Before Fasthosts, I worked in various roles. I worked in retail, as a sound engineer, and in personal finance. I didn’t start my career in IT until 2000 when I started working for one of our resellers. I moved here in 2002, starting off as a front-line technician.
What were your first few weeks like with Fasthosts?
Quite hectic. It was very ‘by the seat of your pants’. It’s not an environment where you’re told “just make this widget” or “just do that”. As a Linux systems engineer we’re given problems and expected to come up with solutions to those problems. You have to be hungry for learning new technologies, for problem-solving, for getting stuck in, for coming up with out-of-the-box and in-the-box ideas.
As a Linux systems engineer we're given problems and expected to come up with solutions to those problems.
How has your career developed with us?
Massively. I started off in the front-line trenches where I worked support for a year and a half, then moved through to second-line, where I was later made team leader. Then in 2007, I went to third-line technical support, which transitioned into my role now as Linux systems engineer. There’s been a consistent progression all the way through. When I started there wasn’t much of a Linux focus at all. There were two senior Linux technicians, one developer and one infrastructure guy, no one else at the company used Linux at all. It was certainly interesting coming in then, when we didn’t have many Linux-based products, compared to now when a lot of the infrastructure is based around Linux.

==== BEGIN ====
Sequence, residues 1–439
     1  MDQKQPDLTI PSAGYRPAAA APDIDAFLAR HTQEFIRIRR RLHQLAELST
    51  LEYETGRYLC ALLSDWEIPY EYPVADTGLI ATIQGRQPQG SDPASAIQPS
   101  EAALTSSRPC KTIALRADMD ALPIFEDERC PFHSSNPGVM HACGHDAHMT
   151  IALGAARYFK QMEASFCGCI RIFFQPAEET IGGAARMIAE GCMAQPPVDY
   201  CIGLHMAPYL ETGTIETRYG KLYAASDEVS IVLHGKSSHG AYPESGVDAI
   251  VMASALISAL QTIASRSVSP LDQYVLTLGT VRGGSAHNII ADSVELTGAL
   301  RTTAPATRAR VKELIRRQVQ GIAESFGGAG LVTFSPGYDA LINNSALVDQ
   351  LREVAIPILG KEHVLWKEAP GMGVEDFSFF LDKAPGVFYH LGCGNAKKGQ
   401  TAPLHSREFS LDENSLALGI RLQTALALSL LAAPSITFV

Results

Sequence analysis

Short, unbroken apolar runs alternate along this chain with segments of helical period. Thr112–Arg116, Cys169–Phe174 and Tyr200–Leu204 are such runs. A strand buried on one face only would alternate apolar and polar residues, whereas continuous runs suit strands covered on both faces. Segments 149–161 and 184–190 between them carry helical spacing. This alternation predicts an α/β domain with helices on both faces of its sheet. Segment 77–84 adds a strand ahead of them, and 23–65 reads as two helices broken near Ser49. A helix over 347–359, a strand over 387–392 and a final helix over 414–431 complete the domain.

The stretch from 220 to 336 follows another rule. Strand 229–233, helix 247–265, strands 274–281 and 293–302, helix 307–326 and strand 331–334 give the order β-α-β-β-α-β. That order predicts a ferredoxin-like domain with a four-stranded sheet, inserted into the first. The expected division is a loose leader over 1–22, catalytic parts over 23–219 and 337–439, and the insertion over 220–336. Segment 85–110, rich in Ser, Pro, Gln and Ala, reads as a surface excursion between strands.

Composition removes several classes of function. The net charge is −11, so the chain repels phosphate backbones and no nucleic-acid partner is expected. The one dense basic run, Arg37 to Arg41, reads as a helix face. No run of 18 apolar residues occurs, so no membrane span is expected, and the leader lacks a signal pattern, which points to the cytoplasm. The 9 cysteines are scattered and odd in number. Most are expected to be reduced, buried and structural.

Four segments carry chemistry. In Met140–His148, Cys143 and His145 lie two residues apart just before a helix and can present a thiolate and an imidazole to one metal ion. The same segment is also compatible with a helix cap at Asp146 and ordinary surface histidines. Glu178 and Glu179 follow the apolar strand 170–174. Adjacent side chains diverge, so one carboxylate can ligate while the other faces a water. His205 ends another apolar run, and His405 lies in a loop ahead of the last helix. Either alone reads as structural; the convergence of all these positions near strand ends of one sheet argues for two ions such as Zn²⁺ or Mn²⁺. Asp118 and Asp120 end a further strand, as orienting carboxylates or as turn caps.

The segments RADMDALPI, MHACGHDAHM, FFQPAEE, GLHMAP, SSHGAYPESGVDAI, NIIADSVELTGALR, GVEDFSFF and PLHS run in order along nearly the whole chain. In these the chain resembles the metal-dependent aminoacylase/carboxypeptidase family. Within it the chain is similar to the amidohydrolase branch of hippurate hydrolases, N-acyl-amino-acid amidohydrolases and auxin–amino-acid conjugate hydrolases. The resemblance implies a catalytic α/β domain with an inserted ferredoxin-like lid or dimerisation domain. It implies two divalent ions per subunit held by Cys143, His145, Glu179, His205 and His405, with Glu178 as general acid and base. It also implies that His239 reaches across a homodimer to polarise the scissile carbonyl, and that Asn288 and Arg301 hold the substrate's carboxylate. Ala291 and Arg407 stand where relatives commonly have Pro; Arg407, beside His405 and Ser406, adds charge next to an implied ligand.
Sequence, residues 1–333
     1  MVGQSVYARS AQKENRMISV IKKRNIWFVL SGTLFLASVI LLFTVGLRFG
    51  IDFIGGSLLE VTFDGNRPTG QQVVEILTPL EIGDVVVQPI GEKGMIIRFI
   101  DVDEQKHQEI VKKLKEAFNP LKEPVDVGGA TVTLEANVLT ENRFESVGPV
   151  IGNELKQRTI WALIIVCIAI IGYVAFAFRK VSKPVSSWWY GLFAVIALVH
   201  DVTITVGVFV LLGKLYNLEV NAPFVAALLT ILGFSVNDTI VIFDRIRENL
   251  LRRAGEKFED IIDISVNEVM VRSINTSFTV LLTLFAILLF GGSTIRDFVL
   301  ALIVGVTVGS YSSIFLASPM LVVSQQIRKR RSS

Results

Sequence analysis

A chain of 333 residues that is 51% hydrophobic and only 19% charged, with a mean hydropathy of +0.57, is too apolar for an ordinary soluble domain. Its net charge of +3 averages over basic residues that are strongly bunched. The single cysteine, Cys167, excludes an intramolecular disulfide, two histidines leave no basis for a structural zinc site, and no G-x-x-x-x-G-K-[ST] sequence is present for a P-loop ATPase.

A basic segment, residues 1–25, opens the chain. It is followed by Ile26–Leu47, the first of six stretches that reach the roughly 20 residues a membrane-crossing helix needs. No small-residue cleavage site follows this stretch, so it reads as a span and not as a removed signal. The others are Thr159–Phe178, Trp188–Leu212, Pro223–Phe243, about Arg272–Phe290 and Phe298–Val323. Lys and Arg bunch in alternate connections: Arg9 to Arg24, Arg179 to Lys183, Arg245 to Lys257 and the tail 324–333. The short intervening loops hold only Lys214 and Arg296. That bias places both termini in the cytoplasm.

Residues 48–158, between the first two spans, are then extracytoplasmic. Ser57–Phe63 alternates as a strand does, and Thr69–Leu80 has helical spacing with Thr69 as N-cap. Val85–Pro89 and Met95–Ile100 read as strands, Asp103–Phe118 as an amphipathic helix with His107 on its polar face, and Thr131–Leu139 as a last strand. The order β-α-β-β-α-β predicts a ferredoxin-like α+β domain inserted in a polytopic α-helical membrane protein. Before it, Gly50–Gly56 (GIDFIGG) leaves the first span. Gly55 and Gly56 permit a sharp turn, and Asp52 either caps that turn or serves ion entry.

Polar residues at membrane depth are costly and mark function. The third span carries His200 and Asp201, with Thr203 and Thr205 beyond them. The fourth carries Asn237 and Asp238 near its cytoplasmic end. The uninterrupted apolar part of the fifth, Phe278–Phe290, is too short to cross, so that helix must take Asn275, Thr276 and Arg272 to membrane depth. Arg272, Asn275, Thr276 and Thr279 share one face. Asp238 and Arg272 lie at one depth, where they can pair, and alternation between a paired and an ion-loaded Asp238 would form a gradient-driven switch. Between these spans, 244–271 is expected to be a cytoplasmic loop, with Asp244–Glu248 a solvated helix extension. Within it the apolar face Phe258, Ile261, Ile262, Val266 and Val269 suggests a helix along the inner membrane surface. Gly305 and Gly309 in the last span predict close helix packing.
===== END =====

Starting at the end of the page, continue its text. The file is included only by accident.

What motivates you to further your career with Fasthosts?
There’s an interesting challenge every day. I never come in thinking that the day is going to be boring and easy. I can’t imagine being sat at a desk doing the same technical process every day. That wouldn’t suit me at all, I like to sink my teeth into trouble shooting and problem-solving. As a Linux systems engineer I’m always working with new technology because everything is constantly changing. In some ways, it’s like starting a new position every few years because you’re suddenly dealing with a whole load of new stuff.
Is there anything else you think might be of interest to new starters?
Nobody expects you to know everything. Anybody coming in would be expected to get stuck in and try their best, but the support is certainly there. In infrastructure systems the team all have our specialities and things we’re well-versed in, so you know who you need to go and speak to if you have a MySQL query, or a question about a particular storage type, or anything like that. Outside of work, we have a lot of keen members of the FHRunners group which I co-founded.
"As a Linux systems engineer we're given problems and expected to come up with solutions to those problems."